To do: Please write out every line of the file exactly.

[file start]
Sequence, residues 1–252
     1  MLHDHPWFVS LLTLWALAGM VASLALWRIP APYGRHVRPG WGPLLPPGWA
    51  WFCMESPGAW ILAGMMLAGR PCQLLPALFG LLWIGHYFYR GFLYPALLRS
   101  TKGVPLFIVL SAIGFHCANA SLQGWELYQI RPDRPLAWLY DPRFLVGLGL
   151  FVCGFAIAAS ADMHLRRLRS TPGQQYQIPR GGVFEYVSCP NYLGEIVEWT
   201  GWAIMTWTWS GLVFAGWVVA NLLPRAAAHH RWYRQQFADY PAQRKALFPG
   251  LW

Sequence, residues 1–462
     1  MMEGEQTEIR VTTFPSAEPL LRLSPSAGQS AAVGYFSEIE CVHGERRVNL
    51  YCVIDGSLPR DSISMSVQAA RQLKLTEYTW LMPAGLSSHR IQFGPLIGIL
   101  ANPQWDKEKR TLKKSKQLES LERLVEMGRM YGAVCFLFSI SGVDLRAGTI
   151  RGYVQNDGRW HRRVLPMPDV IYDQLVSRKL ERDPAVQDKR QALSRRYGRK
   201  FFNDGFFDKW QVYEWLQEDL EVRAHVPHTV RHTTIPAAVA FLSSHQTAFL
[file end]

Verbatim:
Sequence, residues 1–252
     1  MLHDHPWFVS LLTLWALAGM VASLALWRIP APYGRHVRPG WGPLLPPGWA
    51  WFCMESPGAW ILAGMMLAGR PCQLLPALFG LLWIGHYFYR GFLYPALLRS
   101  TKGVPLFIVL SAIGFHCANA SLQGWELYQI RPDRPLAWLY DPRFLVGLGL
   151  FVCGFAIAAS ADMHLRRLRS TPGQQYQIPR GGVFEYVSCP NYLGEIVEWT
   201  GWAIMTWTWS GLVFAGWVVA NLLPRAAAHH RWYRQQFADY PAQRKALFPG
   251  LW

Sequence, residues 1–462
     1  MMEGEQTEIR VTTFPSAEPL LRLSPSAGQS AAVGYFSEIE CVHGERRVNL
    51  YCVIDGSLPR DSISMSVQAA RQLKLTEYTW LMPAGLSSHR IQFGPLIGIL
   101  ANPQWDKEKR TLKKSKQLES LERLVEMGRM YGAVCFLFSI SGVDLRAGTI
   151  RGYVQNDGRW HRRVLPMPDV IYDQLVSRKL ERDPAVQDKR QALSRRYGRK
   201  FFNDGFFDKW QVYEWLQEDL EVRAHVPHTV RHTTIPAAVA FLSSHQTAFL